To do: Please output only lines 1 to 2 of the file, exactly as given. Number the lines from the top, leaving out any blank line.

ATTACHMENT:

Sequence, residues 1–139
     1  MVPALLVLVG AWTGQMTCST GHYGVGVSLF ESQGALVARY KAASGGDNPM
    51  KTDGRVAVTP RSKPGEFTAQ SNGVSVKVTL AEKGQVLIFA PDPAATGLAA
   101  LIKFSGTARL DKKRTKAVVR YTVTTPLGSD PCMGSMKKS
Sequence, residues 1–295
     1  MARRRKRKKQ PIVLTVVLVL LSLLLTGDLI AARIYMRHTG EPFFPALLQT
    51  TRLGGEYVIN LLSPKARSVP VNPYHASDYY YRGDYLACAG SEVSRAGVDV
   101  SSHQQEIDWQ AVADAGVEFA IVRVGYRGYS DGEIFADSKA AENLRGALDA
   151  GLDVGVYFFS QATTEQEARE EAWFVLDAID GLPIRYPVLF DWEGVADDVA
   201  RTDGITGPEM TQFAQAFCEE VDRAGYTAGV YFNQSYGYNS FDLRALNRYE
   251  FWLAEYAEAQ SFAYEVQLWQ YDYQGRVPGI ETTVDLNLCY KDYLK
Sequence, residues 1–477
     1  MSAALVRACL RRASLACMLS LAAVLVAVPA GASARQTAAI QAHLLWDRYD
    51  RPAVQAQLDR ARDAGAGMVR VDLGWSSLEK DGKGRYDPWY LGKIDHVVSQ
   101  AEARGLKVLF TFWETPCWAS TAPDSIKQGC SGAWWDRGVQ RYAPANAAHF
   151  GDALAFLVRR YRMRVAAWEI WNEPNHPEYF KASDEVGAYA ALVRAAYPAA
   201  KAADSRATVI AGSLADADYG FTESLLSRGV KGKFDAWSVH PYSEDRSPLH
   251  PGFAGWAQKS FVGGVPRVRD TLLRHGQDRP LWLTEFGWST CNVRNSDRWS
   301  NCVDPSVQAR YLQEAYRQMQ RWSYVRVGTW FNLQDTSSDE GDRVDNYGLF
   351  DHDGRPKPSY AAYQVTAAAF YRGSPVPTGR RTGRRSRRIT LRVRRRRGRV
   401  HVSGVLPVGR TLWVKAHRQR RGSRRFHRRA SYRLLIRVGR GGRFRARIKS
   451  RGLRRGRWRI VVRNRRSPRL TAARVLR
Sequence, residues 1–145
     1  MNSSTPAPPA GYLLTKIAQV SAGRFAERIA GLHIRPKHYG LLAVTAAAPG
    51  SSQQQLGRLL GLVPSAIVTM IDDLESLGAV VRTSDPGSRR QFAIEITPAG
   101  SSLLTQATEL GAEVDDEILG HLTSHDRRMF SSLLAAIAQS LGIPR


Sequence, residues 1–139
     1  MVPALLVLVG AWTGQMTCST GHYGVGVSLF ESQGALVARY KAASGGDNPM